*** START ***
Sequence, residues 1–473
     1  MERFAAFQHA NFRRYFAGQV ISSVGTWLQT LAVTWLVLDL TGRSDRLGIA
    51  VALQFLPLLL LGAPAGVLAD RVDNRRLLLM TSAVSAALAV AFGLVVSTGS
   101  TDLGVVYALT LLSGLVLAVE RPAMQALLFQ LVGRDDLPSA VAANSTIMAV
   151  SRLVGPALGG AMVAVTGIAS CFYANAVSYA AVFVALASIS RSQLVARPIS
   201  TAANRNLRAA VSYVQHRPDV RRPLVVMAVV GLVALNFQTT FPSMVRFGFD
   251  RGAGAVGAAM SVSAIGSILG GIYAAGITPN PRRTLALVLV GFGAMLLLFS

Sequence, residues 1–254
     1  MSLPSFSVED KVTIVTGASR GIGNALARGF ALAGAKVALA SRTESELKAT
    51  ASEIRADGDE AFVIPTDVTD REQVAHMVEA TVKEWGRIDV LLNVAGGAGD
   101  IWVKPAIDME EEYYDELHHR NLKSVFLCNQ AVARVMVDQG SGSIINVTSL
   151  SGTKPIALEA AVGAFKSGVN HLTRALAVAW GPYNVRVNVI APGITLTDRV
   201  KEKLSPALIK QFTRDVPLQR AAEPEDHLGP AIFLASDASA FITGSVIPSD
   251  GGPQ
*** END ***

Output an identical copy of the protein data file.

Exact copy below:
Sequence, residues 1–473
     1  MERFAAFQHA NFRRYFAGQV ISSVGTWLQT LAVTWLVLDL TGRSDRLGIA
    51  VALQFLPLLL LGAPAGVLAD RVDNRRLLLM TSAVSAALAV AFGLVVSTGS
   101  TDLGVVYALT LLSGLVLAVE RPAMQALLFQ LVGRDDLPSA VAANSTIMAV
   151  SRLVGPALGG AMVAVTGIAS CFYANAVSYA AVFVALASIS RSQLVARPIS
   201  TAANRNLRAA VSYVQHRPDV RRPLVVMAVV GLVALNFQTT FPSMVRFGFD
   251  RGAGAVGAAM SVSAIGSILG GIYAAGITPN PRRTLALVLV GFGAMLLLFS

Sequence, residues 1–254
     1  MSLPSFSVED KVTIVTGASR GIGNALARGF ALAGAKVALA SRTESELKAT
    51  ASEIRADGDE AFVIPTDVTD REQVAHMVEA TVKEWGRIDV LLNVAGGAGD
   101  IWVKPAIDME EEYYDELHHR NLKSVFLCNQ AVARVMVDQG SGSIINVTSL
   151  SGTKPIALEA AVGAFKSGVN HLTRALAVAW GPYNVRVNVI APGITLTDRV
   201  KEKLSPALIK QFTRDVPLQR AAEPEDHLGP AIFLASDASA FITGSVIPSD
   251  GGPQ